Nobody Gets Out of Life Alive: THE MAN WHO WASN’T THERE

Nobody Gets Out of Life Alive: THE MAN WHO WASN’T THERE

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“Nobody gets out of life alive. The world’s so full of
crap a man’s going to get into it sooner or later, whether he’s careful or
not.”–Hud

Originally an advertisement for professional bloodletting
services, the red stripes of barber poles still remain today, despite the fact
that hair is the only thing modern barbers remove from their clients’ bodies.
The Man Who Wasn’t There begins with a languorous opening shot of a spinning
barber’s pole. Since the film is a Coen brothers neo-noir, it’s safe
to assume there will be a different kind of bloodletting before the film
is over. 

The year is 1949, and the barber we are about to meet is Ed
Crane, played with a perfectly calibrated laconic calm by Billy Bob Thornton.
He is an existentialist anti-hero, as if Bartleby the Scrivener had chosen an
alternate career path and became tragically enmeshed in a blackmailing scheme
gone wrong. 

Ed is an absence punched into the fabric of the film, a
black hole around which it orbits. His primary response to the world is one of
violent underreaction. He is inert with passivity, an American buddha, beatific
with a placid glow of naivete and repression. He’s like an unspoken thought.
This film chronicles his unfortunate late-blooming experiments with taking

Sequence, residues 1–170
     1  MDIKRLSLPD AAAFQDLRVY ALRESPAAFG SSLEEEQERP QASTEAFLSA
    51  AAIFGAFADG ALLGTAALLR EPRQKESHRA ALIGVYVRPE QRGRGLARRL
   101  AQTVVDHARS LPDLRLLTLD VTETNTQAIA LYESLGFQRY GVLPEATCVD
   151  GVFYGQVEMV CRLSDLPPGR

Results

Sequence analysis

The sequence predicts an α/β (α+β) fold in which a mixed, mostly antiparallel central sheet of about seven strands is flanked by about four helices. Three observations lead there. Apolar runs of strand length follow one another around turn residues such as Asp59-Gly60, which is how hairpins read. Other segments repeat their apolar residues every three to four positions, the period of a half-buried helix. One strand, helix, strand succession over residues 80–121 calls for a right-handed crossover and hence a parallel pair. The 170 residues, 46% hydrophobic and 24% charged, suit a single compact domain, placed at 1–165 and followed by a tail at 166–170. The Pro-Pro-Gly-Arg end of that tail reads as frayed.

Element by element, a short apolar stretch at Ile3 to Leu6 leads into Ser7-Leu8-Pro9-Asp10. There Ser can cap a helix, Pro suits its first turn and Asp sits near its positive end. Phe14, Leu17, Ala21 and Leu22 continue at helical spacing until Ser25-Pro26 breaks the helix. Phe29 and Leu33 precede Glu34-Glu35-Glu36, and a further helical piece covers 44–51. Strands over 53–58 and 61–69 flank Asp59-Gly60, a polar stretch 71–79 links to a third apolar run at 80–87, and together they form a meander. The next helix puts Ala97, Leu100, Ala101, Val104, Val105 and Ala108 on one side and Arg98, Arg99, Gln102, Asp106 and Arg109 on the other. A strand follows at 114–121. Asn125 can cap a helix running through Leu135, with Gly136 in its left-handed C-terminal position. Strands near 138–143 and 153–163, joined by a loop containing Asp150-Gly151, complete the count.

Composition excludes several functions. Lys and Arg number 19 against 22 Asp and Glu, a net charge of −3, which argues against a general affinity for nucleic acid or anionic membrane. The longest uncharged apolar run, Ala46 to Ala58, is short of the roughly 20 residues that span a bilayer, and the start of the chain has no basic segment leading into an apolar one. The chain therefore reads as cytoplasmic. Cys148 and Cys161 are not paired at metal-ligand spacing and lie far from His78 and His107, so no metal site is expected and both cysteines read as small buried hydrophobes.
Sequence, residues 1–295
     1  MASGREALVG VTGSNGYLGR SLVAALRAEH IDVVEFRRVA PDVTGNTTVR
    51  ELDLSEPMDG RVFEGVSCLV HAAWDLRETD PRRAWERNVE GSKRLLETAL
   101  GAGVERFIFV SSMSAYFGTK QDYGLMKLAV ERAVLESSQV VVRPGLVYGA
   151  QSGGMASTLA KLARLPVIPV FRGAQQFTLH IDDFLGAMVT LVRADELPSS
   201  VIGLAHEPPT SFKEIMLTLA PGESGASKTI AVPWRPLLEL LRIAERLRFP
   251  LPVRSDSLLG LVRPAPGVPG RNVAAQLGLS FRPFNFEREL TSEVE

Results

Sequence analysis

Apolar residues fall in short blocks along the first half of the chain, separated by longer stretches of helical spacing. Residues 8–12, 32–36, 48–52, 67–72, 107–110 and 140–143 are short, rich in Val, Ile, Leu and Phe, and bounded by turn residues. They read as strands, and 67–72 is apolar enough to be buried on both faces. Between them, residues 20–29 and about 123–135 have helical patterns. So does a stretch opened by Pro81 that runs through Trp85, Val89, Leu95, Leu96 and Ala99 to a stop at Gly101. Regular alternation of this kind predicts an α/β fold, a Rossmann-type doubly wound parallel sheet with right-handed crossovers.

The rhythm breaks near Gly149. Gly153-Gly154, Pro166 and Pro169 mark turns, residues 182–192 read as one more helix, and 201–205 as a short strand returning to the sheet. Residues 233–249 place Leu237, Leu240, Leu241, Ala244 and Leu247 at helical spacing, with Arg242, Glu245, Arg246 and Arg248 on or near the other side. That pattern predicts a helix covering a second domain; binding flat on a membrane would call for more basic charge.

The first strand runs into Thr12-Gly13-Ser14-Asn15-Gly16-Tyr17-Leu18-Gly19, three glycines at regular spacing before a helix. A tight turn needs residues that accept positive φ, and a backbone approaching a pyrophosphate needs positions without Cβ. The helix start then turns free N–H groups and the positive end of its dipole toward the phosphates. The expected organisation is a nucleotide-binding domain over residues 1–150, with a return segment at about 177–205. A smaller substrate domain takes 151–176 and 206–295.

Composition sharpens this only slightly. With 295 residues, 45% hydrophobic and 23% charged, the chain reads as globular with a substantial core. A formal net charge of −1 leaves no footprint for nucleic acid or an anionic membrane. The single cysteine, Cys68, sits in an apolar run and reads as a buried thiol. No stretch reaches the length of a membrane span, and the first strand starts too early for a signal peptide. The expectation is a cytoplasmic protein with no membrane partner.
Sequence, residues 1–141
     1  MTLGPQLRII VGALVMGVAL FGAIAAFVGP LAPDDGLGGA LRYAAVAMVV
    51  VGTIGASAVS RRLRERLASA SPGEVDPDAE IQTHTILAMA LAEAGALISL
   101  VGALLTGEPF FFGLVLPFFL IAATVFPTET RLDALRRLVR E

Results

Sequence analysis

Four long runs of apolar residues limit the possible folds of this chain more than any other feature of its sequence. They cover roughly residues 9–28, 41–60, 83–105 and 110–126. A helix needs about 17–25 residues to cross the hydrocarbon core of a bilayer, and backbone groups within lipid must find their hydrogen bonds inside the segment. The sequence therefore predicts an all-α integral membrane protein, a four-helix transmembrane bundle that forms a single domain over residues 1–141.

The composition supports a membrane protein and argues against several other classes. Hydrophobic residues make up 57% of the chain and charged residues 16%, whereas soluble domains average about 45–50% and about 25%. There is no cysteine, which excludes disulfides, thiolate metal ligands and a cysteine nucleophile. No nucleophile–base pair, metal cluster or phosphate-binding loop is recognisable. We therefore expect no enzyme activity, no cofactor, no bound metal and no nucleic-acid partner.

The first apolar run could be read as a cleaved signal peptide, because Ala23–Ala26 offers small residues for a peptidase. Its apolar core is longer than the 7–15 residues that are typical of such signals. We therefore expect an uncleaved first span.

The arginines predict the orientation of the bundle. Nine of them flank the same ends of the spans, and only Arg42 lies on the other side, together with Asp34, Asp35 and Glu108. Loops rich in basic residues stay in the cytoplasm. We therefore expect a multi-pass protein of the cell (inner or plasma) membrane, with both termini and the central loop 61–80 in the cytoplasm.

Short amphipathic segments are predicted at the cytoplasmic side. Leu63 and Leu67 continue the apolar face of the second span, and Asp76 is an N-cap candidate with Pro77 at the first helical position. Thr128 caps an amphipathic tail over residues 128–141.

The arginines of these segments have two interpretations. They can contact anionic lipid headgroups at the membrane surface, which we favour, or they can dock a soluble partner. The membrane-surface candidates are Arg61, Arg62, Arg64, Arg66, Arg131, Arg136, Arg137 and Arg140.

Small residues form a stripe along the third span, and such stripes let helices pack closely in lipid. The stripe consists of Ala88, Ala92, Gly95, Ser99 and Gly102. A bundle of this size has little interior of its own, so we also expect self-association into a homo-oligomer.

action and his resulting demise. The process of his destruction commences the
moment he goes from being an unexpressed thought to an utterance, the moment he enters the world through
activity and decision. And his destruction is also the vehicle by which he
realizes himself.

In the noir cosmos, it is normal for a timid character to be
lured out of a safe but unsatisfying zone of normalcy by mirages of wealth and romance. This is what happens to Ed when
he gets suckered into a swindle that involves becoming a silent partner in a dry
cleaning business. He acquires the money for this by blackmailing his wife’s
boss, with whom she is having an affair. The plan appears to have a perfect
symmetry. He would seem to be able to enter his dream of wealth while getting
revenge against his rival with a single action. He wants to reach goals he has
unthinkingly and hastily stumbled upon in a manner that involves little to no
effort. We know it is not going to end well.

Like many of the Coen brothers’ characters, at no point does
Ed gain an understanding of how he works. The one aspect of his revolt against